KHN Morning Briefing

Summaries of health policy coverage from major news organizations

Sebelius, DeParle Ready To Tackle Health Care Overhaul

The friendship between "working moms" Kathleen Sebelius and Nancy-Ann DeParle "could pay big dividends for President Obama now," USA Today reports. The two have a lot in common in the policy world as well. Sebelius, the secretary of Health and Human Services, and DeParle, director of the White House Office of Health Reform, "first met at the White House mess in 1997, during the battle for a patients' bill of rights to combat the constraints of managed care." Their relationship was then "built over a dozen years on topics ranging from the children's health insurance program to raising their own children. Now, they are the "tag team for Obama's most ambitious domestic policy goal: an overhaul of the nation's health care system."

Sebelius and DeParle are "two pragmatists" who aim to "work with Congress rather than dictate it, as the Clinton administration did." This means "spending more time with lawmakers." And while "their goal is to get something passed that includes Obama's principles," "on the most controversial points, the two are willing to negotiate." For example, "they want a public insurance plan to compete with private insurers but say it doesn't need to be a rigid, Medicare-like model. They want more employers to offer health insurance but have not insisted on a mandate. They want to cover more uninsured but have not dictated how many. They want to pay for the expansion but aren't saying what taxes to raise or spending to cut."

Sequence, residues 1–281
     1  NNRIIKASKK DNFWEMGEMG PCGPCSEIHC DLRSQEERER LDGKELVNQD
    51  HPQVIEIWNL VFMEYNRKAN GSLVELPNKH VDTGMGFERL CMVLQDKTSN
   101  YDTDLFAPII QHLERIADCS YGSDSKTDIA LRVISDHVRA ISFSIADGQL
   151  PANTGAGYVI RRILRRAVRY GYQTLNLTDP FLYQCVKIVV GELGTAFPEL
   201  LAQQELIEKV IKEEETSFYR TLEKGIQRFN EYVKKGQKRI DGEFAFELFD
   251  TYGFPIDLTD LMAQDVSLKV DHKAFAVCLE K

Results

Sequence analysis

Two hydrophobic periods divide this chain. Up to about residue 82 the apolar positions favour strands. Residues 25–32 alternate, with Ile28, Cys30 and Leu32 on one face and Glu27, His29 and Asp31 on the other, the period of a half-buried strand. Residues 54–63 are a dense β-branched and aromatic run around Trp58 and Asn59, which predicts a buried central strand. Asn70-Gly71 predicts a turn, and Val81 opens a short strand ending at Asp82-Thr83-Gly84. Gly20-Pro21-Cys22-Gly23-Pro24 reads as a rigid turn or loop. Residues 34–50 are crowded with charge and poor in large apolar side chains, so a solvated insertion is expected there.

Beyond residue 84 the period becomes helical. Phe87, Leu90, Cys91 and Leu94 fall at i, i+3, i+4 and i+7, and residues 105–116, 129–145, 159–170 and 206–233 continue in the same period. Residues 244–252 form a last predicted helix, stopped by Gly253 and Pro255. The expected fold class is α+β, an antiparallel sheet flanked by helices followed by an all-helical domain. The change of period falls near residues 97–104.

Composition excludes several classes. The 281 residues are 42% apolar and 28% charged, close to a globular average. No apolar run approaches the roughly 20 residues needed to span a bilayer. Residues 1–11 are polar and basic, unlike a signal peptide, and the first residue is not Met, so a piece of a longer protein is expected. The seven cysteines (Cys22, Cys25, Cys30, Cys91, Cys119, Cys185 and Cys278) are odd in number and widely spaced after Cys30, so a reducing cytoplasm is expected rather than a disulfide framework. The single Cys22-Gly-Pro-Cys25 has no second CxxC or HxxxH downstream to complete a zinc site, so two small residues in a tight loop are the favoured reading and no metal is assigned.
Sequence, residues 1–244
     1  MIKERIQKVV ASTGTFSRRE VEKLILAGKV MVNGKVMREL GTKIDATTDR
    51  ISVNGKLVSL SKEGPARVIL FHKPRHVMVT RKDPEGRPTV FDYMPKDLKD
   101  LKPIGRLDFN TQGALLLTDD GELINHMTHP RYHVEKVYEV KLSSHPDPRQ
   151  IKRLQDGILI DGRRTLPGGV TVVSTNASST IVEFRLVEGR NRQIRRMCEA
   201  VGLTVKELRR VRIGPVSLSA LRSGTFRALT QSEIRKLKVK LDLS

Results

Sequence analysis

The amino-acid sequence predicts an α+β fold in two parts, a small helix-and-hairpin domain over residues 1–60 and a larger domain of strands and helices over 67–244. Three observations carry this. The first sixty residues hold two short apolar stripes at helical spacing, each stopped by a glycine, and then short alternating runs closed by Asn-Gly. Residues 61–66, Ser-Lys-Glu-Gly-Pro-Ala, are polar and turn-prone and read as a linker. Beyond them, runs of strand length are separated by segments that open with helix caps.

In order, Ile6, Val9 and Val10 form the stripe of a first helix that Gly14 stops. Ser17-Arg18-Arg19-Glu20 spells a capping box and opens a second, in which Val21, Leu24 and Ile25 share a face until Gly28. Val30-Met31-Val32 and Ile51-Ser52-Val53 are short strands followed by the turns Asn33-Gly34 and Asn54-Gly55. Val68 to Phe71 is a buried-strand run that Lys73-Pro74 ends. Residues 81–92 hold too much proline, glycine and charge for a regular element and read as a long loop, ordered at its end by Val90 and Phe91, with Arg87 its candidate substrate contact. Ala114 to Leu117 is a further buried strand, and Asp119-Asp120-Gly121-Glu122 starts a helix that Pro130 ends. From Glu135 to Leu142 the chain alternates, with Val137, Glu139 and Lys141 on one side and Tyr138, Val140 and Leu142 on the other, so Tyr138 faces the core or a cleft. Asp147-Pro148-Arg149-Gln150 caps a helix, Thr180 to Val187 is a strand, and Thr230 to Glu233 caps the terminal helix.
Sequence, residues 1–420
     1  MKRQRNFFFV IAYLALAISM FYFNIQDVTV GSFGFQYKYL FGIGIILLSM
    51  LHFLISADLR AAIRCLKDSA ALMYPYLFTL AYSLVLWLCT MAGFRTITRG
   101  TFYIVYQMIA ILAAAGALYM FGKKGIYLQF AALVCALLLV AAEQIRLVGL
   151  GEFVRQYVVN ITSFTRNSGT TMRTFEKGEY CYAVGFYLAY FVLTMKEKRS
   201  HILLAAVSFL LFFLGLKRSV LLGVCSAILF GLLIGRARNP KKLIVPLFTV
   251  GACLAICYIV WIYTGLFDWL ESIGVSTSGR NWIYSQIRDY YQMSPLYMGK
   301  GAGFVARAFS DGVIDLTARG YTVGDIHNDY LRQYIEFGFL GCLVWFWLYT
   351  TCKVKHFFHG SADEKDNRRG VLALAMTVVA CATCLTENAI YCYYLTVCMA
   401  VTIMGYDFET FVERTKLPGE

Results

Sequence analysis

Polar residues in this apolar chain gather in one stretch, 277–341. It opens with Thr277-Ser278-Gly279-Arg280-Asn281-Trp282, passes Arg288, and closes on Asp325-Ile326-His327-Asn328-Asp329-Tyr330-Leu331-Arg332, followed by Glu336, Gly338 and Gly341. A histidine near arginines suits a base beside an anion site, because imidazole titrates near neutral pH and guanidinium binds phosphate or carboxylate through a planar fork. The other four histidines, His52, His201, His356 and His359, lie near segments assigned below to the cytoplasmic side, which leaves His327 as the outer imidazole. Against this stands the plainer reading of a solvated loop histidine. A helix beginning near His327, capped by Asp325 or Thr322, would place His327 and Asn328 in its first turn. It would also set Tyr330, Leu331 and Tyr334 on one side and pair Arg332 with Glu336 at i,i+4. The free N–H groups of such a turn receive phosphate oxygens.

Sebelius and DeParle sat down with USA Today for a "joint interview," in which "the two occasionally finish each other's sentences." The two joked that many people still believe they are hiding a completed health care bill, but insisted it will be Congress who writes it "by consensus." "So far, many members are pleased with the tag team's light touch," but there is still significant concern and disagreement in Congress over the reform efforts in the White House. DeParle says the issue of health care "hits very close to home" for both women. "It's part of what makes this work so important and wonderful, I think, for both of us-being able to be involved in something that could really make a difference in people's lives" (Wolf, 6/2).

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